Visual perception II : High-level vision

William G. HAYWARD, Michael J. TARR

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While cognition is possible without perception (e.g. the proverbial ‘brain in a vat’), it is through our perceptual abilities that we can interact with the world. Although we sense our environment through two-dimensional (2-D) arrays of light (or continuous streams of sound energy), what we perceive and think about are three-dimensional (3-D) objects. Consequently, human perception and cognition requires that we explain how humans learn, remember, recognize, manipulate, act on and react to such objects. Perception is the process that allows us to interact with objects in the world, providing both a way to gather information about them and a way of acting upon them.

In humans and other primates, the most salient perceptual system is vision. Traditionally, the study of visual processes has been directed at discrete dimensions of visual information, such as thresholds of luminance (e.g. König & Brodhun, 1889; Hecht, Shlaer, & Pirenne, 1942), mechanisms of stereopsis (e.g. Wheatstone, 1838), or color (e.g. Gregory, 1977). Hubel and Wiesel's (1959, 1962) Nobel prize-winning discovery of orientation-selective cells in the cat brain saw a broadening of such dimensions to include orientation of edges, length, spatial frequency and many other more complex visual attributes. Contemporary developments in these fields have been covered in depth in the previous chapter. In this chapter, however, we discuss a growing body of work that has addressed a different question: how do we see objects? That is, rather than examining the kinds of information gained through our sensory systems, how is this information used to derive knowledge about objects in the world around us? As we shall see, answering this question has proved very difficult. Consider that in low-level vision, a theorist can point to cells in the retina that respond selectively to different wavelengths of light, or neurons in primary visual cortex that spike most actively when lines of a particular orientation or disparity are presented within their receptive fields; said theorist can then build an account of the manner in which this information (wavelengths, orientations, disparities) is organized by perceptual processes. When thinking about objects, however, there is no simple mapping between neural codes and our phenomenology. Rather, single objects contain vast amounts of information that is somehow organized and recruited in a task-appropriate fashion according to higher-order functional considerations.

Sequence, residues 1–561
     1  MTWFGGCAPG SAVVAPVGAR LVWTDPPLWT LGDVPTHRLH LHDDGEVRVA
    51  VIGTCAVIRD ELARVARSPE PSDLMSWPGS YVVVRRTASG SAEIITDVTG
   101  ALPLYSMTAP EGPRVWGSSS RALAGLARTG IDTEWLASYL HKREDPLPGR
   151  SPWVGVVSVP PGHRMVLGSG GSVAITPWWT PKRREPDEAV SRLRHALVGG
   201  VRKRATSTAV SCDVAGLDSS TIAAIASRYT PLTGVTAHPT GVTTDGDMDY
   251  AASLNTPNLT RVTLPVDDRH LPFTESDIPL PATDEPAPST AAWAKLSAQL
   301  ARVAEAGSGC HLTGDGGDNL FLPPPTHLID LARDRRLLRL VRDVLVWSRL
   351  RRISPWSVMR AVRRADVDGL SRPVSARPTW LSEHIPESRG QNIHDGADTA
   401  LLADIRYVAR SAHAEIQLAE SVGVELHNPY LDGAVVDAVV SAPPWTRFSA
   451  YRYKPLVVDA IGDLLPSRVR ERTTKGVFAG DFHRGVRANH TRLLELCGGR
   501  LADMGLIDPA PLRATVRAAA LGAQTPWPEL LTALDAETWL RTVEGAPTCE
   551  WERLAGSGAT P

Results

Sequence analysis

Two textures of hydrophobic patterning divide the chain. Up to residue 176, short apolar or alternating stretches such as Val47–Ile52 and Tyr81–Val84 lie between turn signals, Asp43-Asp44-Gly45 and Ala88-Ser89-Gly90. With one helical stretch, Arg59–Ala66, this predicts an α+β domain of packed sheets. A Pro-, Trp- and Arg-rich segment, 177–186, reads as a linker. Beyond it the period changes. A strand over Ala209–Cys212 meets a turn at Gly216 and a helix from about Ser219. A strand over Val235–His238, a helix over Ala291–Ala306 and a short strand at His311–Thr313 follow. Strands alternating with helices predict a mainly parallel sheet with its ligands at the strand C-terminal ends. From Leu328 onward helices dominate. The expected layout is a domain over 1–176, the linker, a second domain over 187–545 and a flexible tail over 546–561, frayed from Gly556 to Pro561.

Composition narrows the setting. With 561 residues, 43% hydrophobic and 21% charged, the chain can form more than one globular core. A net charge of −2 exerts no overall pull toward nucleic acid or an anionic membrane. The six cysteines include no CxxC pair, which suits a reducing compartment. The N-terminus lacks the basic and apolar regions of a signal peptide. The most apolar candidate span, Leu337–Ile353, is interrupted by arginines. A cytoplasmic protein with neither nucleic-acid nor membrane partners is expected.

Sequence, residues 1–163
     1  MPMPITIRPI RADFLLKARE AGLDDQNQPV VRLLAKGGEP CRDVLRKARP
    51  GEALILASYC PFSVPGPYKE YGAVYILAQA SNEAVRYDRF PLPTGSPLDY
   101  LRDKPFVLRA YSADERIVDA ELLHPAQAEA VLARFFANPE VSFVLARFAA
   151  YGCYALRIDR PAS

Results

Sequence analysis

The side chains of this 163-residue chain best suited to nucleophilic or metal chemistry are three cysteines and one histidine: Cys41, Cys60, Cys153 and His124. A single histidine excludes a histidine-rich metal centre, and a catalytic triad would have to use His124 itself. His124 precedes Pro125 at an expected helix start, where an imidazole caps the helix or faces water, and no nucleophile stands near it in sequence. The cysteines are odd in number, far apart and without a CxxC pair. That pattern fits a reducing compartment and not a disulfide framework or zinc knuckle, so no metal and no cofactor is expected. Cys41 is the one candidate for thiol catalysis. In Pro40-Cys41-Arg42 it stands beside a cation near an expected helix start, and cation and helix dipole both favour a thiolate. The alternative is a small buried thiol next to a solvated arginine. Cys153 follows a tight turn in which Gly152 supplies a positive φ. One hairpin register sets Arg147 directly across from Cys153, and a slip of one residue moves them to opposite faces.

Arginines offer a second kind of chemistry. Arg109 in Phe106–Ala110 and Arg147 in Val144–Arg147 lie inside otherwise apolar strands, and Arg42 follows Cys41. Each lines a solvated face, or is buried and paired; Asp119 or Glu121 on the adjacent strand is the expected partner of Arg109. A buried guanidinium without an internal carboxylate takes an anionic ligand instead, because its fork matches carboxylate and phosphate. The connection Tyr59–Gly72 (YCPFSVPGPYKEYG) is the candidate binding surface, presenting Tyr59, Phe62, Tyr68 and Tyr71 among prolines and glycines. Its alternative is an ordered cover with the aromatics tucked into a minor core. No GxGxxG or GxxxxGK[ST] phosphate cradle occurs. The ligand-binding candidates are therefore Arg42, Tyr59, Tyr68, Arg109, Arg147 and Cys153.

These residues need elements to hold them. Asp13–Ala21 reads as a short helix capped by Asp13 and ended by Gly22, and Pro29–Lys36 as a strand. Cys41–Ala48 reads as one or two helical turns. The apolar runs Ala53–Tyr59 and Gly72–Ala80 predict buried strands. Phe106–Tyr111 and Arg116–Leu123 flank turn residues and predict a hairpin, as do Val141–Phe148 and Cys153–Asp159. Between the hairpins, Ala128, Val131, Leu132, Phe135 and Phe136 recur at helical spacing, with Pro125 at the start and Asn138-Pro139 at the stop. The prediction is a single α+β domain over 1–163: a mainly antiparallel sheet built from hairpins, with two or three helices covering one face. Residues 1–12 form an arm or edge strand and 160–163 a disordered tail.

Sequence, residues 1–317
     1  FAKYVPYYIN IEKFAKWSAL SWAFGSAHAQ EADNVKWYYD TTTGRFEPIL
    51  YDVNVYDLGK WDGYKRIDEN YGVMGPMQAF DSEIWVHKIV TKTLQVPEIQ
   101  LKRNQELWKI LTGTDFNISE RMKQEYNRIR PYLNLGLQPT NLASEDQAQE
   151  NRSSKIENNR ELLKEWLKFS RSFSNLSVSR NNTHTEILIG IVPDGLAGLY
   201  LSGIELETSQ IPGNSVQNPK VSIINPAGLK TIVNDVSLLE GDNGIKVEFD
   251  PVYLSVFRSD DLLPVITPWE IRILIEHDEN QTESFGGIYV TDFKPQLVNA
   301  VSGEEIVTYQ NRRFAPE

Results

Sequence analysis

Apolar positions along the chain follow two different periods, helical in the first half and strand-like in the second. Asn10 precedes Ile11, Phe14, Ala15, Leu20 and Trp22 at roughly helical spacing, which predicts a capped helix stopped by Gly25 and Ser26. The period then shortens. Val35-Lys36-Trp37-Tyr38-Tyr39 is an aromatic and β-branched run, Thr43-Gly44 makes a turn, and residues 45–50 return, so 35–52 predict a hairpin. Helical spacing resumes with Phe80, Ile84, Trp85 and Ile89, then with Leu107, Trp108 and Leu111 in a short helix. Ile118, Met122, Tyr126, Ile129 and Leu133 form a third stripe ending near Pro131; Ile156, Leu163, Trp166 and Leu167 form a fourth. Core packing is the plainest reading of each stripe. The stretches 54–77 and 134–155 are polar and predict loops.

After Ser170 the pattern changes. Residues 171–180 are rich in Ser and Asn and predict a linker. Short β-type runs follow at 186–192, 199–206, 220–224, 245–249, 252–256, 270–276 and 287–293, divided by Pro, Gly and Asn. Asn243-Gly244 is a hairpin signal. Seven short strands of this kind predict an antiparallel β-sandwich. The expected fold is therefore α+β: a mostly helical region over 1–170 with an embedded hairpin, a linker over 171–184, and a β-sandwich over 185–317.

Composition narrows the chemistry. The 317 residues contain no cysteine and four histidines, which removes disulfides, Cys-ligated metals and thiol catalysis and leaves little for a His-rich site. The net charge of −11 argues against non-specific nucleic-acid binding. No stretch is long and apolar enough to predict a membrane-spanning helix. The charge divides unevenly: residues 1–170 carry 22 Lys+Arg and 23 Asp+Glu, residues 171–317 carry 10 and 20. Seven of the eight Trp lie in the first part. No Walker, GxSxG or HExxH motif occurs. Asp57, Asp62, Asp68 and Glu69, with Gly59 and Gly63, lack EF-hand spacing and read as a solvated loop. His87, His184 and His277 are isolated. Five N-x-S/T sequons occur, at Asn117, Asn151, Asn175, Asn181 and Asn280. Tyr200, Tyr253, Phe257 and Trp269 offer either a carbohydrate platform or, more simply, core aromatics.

Original languageEnglish
Title of host publicationHandbook of Cognition
PublisherSage Publications
Number of pages23
ISBN (Electronic)9781848608177
ISBN (Print)9780761972778
Publication statusPublished - 2005
Externally publishedYes


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